The Kremlin believed, again with some justification, that Russia’s image as portrayed on global TV channels like CNN and the BBC in these years was as the oppressor – as if it were still run by the Communists. The Kremlin could not afford to fall behind in what Dmitry Peskov called “political technology”. And so in 2005, Russia Today was born: an English-language TV news channel modelled on CNN and the BBC. It was financed by $30m directly from Mr Putin and run from the headquarters of RIA Novosti, the Russian state news agency in Moscow.

Unlike the BBC, RT is under direct political control and is not an independent broadcaster. However, Mr Putin is media-savvy enough to realise that an old-style, cold war propaganda vehicle like Radio Moscow is old hat. Soft power means promoting Russia’s interests by hiring genuine journalists, often from the West, and allowing them freedom to report stories so long as they’re from a “broadly Russian perspective”. Russia Today’s mission statement was: “There’s more to Russia than communism, snow and poverty”. During the South Ossetia war in 2008 between Russia and Georgia, it challenged Western news reports that blamed Russia for launching hostilities and insisted that Georgia fired first - a claim later upheld by a European Union inquiry. It was Russia Today’s finest hour.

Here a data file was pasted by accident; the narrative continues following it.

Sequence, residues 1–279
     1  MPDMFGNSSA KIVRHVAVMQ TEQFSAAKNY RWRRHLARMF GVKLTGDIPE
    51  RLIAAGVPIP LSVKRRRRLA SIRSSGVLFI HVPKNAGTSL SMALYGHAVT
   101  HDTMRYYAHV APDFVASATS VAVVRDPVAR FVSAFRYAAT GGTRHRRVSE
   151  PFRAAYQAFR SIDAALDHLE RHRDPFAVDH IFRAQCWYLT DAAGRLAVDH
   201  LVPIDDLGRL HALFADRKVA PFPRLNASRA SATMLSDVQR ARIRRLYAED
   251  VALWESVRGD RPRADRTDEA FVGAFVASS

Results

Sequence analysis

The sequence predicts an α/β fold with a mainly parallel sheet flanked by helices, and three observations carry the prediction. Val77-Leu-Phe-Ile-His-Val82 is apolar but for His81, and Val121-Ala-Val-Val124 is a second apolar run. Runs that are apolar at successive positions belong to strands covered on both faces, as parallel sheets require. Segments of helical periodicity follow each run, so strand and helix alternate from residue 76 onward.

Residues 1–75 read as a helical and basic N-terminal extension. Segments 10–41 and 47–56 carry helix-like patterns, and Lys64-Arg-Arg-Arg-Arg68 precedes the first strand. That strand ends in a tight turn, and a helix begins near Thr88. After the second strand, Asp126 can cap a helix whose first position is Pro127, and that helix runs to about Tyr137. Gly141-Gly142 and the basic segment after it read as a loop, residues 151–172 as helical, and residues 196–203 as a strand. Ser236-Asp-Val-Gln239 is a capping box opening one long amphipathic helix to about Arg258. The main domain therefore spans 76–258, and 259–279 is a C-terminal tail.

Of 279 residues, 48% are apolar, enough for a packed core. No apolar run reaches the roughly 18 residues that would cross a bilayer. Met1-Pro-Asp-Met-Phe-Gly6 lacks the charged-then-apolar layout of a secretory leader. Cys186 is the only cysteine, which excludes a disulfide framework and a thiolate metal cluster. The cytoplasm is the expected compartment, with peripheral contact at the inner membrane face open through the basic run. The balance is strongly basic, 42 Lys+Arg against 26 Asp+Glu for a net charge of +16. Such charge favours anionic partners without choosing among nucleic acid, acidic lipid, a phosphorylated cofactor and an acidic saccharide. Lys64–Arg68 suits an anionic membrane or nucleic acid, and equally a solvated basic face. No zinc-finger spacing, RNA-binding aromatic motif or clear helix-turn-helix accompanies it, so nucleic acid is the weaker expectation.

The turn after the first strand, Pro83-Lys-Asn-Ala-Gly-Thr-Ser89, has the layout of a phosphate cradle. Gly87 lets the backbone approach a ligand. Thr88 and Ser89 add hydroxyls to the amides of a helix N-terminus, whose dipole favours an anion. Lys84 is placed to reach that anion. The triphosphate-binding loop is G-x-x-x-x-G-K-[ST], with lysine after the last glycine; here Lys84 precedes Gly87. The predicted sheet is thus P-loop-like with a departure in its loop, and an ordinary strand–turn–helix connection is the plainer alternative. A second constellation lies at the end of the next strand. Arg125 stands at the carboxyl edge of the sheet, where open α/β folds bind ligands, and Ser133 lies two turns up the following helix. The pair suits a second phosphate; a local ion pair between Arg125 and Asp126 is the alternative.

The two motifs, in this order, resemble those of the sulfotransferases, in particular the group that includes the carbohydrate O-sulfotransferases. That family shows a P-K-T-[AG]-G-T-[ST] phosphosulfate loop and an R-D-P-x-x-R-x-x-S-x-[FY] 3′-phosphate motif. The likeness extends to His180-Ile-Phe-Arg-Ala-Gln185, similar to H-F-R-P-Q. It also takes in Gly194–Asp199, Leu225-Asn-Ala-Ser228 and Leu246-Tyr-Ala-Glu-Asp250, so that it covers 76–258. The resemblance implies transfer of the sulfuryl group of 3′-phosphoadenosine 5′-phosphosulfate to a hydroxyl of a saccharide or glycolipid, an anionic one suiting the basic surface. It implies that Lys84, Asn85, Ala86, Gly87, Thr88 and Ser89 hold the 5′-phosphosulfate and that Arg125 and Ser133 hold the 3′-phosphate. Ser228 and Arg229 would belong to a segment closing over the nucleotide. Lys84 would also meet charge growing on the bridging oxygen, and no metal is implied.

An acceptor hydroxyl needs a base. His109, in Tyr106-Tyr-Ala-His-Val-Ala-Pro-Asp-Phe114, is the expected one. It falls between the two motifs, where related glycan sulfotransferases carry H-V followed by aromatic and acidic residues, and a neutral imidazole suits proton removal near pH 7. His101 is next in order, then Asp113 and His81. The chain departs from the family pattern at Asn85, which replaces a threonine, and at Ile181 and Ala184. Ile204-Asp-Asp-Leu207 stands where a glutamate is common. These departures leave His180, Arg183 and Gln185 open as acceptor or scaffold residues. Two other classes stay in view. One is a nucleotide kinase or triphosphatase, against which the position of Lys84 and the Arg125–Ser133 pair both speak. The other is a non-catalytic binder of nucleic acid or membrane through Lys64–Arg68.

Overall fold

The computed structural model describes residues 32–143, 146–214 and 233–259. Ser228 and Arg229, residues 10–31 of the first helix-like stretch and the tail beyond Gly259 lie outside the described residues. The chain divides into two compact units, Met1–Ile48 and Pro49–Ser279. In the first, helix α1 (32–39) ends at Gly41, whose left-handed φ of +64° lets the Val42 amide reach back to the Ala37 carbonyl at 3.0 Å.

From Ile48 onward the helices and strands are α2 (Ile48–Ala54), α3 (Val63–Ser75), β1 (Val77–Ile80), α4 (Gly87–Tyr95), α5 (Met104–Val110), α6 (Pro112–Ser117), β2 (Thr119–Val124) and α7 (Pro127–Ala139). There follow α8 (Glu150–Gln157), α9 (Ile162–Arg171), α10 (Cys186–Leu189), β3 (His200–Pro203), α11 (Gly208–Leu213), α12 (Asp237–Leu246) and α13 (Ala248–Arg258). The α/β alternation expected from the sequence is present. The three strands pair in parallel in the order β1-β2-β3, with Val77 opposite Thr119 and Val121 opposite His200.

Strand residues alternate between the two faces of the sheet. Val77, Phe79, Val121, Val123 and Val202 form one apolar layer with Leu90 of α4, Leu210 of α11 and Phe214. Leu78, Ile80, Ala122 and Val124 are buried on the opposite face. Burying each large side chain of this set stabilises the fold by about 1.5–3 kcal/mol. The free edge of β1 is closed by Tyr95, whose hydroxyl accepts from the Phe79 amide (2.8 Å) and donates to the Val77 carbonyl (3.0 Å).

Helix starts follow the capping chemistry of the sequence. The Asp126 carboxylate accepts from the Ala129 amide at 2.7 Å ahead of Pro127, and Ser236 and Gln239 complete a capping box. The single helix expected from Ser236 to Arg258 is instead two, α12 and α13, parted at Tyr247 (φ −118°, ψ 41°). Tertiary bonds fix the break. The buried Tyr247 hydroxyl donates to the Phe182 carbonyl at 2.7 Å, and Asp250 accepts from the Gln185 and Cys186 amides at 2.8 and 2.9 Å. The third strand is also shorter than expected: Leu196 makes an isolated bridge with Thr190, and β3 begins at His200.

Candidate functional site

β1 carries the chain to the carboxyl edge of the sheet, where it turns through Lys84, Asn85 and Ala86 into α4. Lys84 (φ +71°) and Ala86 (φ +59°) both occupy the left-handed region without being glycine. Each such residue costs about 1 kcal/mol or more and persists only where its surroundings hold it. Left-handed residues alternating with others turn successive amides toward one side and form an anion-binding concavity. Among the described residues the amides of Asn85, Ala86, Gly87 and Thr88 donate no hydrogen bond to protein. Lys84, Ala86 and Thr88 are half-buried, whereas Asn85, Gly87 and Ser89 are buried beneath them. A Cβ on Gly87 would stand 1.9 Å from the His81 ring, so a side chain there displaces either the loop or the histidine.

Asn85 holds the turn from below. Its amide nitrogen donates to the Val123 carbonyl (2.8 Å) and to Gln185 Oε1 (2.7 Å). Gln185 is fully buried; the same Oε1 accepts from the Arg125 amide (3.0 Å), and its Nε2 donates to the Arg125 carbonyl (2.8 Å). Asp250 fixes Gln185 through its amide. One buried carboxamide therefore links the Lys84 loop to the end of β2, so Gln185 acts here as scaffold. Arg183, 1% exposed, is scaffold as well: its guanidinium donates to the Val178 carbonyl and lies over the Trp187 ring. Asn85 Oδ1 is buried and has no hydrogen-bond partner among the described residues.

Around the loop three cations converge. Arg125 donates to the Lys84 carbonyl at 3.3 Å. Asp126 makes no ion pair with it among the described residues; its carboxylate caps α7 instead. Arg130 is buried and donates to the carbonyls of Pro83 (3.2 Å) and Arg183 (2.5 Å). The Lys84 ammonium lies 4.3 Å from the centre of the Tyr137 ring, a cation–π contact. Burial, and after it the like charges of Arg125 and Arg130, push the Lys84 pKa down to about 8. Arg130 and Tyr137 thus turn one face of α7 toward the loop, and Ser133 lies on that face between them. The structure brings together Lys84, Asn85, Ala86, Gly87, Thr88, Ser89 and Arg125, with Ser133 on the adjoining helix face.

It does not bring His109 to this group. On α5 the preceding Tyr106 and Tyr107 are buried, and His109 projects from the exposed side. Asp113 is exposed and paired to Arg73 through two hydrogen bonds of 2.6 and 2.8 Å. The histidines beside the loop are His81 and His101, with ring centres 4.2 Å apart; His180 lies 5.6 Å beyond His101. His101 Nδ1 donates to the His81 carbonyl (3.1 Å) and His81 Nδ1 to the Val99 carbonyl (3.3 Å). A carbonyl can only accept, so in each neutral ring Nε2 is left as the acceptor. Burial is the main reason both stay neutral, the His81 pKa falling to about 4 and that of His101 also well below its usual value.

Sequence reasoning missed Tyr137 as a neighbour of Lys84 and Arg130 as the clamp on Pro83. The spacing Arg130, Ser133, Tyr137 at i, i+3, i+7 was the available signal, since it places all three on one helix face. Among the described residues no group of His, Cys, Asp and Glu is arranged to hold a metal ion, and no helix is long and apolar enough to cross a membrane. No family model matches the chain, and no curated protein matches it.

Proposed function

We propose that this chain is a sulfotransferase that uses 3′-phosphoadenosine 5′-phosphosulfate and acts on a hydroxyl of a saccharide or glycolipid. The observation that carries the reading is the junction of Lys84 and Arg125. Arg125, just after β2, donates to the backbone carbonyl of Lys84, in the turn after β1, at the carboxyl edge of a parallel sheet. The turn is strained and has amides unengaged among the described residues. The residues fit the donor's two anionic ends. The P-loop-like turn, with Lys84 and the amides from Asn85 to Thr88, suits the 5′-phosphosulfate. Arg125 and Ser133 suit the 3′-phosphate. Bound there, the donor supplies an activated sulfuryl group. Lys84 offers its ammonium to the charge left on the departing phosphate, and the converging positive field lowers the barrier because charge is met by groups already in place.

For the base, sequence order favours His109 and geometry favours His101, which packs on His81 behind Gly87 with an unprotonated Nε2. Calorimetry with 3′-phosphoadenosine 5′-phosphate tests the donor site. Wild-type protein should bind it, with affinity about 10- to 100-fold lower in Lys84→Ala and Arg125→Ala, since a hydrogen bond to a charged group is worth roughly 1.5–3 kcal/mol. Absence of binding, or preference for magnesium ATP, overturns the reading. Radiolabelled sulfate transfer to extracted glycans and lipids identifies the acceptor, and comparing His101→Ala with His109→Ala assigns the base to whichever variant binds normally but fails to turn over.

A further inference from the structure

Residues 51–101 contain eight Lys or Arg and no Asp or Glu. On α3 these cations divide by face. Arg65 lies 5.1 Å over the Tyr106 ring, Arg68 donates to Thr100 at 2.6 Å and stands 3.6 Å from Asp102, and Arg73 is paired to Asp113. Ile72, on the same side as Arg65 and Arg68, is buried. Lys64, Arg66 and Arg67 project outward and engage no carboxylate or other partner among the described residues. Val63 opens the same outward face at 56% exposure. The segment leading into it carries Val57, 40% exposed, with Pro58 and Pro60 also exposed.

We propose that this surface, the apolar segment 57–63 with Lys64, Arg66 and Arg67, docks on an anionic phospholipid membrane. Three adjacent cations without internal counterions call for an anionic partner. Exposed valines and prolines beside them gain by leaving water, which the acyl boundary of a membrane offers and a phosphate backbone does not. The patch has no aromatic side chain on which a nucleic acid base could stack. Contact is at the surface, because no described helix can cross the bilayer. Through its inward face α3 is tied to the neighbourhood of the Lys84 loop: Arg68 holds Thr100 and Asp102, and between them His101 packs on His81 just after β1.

Lately, the station has been rebranded as RT with the strapline “Question More”. RT gave extensive coverage to the Occupy movement and the campaign against the bedroom tax in the UK. It has attracted a following among left-wingers and Scottish nationalists who mistrust the “establishment” BBC. Jeremy Corbyn used to be an RT contributor and applauded Russia Today for being “more objective” on issues like the Libyan war. It has specialised in hiring anti-establishment figures like Julian Assange, who had a show on RT in 2012, the former Respect MP, George Galloway, and our own Alex Salmond, who has been commissioned to provide a weekly chat show via his company Slainte media.